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Key Largo Christ Statue

Snorkeler Katherine Wieland examines the "Christ of the Deep" statue in the Florida Keys National Marine Sanctuary off Key Largo, Fla. This nine-foot-tall, 4,000 pound replica of a similar statue, located in the waters off the coast of Italy, is submerged in 25 feet of water at Key Largo Dry Rocks. Photo by Stephen Frink/Florida Keys News Bureau

Key Largo Sunset

Sunset in Key Largo, Florida Keys, paints a pretty picture at the Kona Kai Resort. Photo by Bob Krist/Florida Keys News Bureau

Key Largo Tour

Florida Keys vacationers can get a glimpse of the undersea realm of the Florida Keys National Marine Sanctuary off of Key Largo, Fla., without even getting their feet wet on the Key Largo Princess. Photo by Bob Krist/Florida Keys News Bureau

Key Largo Kayak

Kayakers paddle adjacent to mangrove islands at John Pennekamp Coral Reef State Park in Key Largo, Fla. Kayaking is a popular vacation activity in the Florida Keys. Photo by Bob Krist/Florida Keys News Bureau

Key Largo Fishing

A Florida Keys fishing guide positions his angler to cast for a bonefish off Key Largo, Fla. Photo by Bob Krist/Florida Keys News Bureau

Key Largo Bird

A Great White Heron perches on a mangrove tree at the Florida Keys Wild Bird Center in Tavernier, Fla. Open to the public, the center specializes in treating sick and injured indigenous birds in the Florida Keys. Photo by Bob Krist/Florida Keys News Bureau

Key Largo Dive 01

A diver explores the coral reef in the Florida Keys National Marine Sanctuary off Key Largo, Fla. The reef system is the only contiguous coral barrier reef in North America. Photo by Bob Care/Florida Keys News Bureau

Key Largo Dive 02

A diver explores the coral reef in the Florida Keys National Marine Sanctuary off Key Largo, Fla. The reef system in the Keys is the only contiguous coral barrier reef in North America. Photo by Bob Care/Florida Keys News Bureau

John Pennekamp Coral Reef State Park 02

Katherine Wieland, left, and Cody Wagner, right snorkel over the "Christ of the Deep" statue, an underwater icon for John Pennekamp Coral Reef State Park. Named after a former Miami newspaper editor, Pennekamp is the nation's first underwater preserve and is the predecessor to the Florida Keys National Marine Sanctuary that protects the entire waters off the Keys island chain. FOR EDITORIAL USE ONLY (Stephen Frink/Florida Keys News Bureau)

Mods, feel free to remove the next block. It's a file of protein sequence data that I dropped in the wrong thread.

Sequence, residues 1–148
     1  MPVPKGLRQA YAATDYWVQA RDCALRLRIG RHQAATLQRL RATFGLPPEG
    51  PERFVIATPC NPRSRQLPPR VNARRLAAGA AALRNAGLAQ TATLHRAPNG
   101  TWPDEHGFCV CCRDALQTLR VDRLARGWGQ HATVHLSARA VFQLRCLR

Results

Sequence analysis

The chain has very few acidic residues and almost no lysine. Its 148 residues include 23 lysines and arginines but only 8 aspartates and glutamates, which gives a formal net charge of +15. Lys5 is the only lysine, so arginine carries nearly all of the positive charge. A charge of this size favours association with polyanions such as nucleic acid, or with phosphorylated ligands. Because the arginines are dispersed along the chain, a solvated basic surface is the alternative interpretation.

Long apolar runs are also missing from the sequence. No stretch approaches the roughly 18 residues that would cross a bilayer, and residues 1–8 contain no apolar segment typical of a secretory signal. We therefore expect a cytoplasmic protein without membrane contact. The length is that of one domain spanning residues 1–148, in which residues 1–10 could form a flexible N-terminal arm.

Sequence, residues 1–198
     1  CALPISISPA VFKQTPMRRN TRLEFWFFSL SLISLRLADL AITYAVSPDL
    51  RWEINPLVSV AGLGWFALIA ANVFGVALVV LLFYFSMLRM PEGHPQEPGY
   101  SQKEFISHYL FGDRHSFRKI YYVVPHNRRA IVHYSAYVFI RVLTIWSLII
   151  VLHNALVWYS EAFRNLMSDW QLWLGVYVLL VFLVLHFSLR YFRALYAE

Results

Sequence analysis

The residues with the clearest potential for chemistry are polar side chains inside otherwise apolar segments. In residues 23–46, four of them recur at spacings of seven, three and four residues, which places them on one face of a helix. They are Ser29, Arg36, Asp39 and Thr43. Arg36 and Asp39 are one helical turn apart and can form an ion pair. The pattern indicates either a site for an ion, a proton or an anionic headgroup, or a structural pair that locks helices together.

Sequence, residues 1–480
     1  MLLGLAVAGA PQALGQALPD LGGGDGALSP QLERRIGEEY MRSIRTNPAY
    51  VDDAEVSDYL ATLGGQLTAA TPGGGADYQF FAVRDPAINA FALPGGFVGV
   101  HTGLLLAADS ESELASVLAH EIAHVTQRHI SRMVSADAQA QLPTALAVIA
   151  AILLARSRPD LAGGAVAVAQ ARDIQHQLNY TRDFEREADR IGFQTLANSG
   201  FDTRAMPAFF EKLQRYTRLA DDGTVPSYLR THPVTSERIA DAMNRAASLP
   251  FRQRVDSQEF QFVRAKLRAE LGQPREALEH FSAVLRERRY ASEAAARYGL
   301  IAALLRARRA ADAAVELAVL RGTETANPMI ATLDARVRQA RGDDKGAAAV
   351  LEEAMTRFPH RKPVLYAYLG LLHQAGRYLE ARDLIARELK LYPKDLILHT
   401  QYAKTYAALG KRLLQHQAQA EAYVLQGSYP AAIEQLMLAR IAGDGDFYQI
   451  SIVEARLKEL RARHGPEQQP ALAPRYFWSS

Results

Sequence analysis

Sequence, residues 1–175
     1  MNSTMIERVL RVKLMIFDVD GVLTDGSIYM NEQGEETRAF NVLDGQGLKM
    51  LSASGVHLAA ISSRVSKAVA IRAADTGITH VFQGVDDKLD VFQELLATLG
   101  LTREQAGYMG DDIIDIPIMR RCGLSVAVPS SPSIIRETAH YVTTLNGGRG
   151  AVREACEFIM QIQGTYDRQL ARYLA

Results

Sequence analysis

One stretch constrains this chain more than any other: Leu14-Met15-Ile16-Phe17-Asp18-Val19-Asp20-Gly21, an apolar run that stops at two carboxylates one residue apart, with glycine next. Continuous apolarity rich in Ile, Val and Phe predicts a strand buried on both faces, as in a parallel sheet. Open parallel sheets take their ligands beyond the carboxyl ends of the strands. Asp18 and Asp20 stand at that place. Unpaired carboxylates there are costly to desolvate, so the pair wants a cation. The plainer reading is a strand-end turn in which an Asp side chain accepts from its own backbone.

John Pennekamp Coral Reef State Park 03

A green sea turtle swims amid the Florida Keys coral reef tract near John Pennekamp Coral Reef State Park in Key Largo, Fla. America's first undersea preserve, Pennekamp is the predecessor to the Florida Keys National Marine Sanctuary that protects the entire waters of the Keys island chain. FOR EDITORIAL USE ONLY (Frazier Nivens/Florida Keys News Bureau)

John Pennekamp Coral Reef State Park 04

Visitors on the Spirit of Pennekamp tour boat peer through viewing ports above the coral reef off Key Largo, Fla. The boat trip from a shoreside base at John Pennekamp Coral Reef State Park is a popular activity for tourists to observe underwater marine habitats without getting their feet wet. America's first undersea preserve, Pennekamp is the predecessor to the Florida Keys National Marine Sanctuary that protects the entire waters of the Keys island chain. FOR EDITORIAL USE ONLY (Bob Care/Florida Keys News Bureau)

John Pennekamp Coral Reef State Park 05

Visitors on the Spirit of Pennekamp tour boat travel to the coral reef off Key Largo, Fla. The boat trip from a shoreside base at John Pennekamp Coral Reef State Park is a popular activity for tourists to observe underwater marine life without getting their feet wet. Pennekamp is the predecessor to the Florida Keys National Marine Sanctuary that protects the entire waters of the Keys island chain. FOR EDITORIAL USE ONLY (Bob Care/Florida Keys News Bureau)

John Pennekamp Coral Reef State Park 06

Visitors relax on Cannon Beach at John Pennekamp Coral Reef State Park in Key Largo, Fla. Besides being the nation's first underwater preserve, Pennekamp features two beaches, a campground and a land-based visitors center. FOR EDITORIAL USE ONLY (Bob Care/Florida Keys News Bureau)

John Pennekamp Coral Reef State Park 07

Kayakers paddle along mangroves at John Pennekamp Coral Reef State Park in Key Largo, Fla. The nation's first underwater preserve encompasses 70 square miles of coral reefs, seagrass beds and mangrove forests. FOR EDITORIAL USE ONLY (Bob Care/Florida Keys News Bureau)

Key Largo Gallery

An art aficionado wanders through the Gallery at Kona Kai in Key Largo, Fla. The gallery represents a select group of international artists who work in various mediums. Artists include nature photographer Clyde Butcher, ship captain-turned painter Dirk Verdoorn who creates maxi-realist scenes of ships at work in his studio in France and bronze sculptor Polles.  Photo by Bob Krist/Florida Keys News Bureau

African Queen 01

Lance Holmquist, left, and his wife Suzanne, right, pilot the original African Queen, April 7, 2012, down a canal in Key Largo, Fla. The Holmquists recently signed a lease to refurbish and operate the vessel used in director John Huston's 1951 film classic by the same. The couple will provide Florida Keys visitors an opportunity to takes rides in the iconic vessel to experience the cinema icon. FOR EDITORIAL USE ONLY. (Andy Newman/Florida Keys News Bureau/HO)

African Queen 02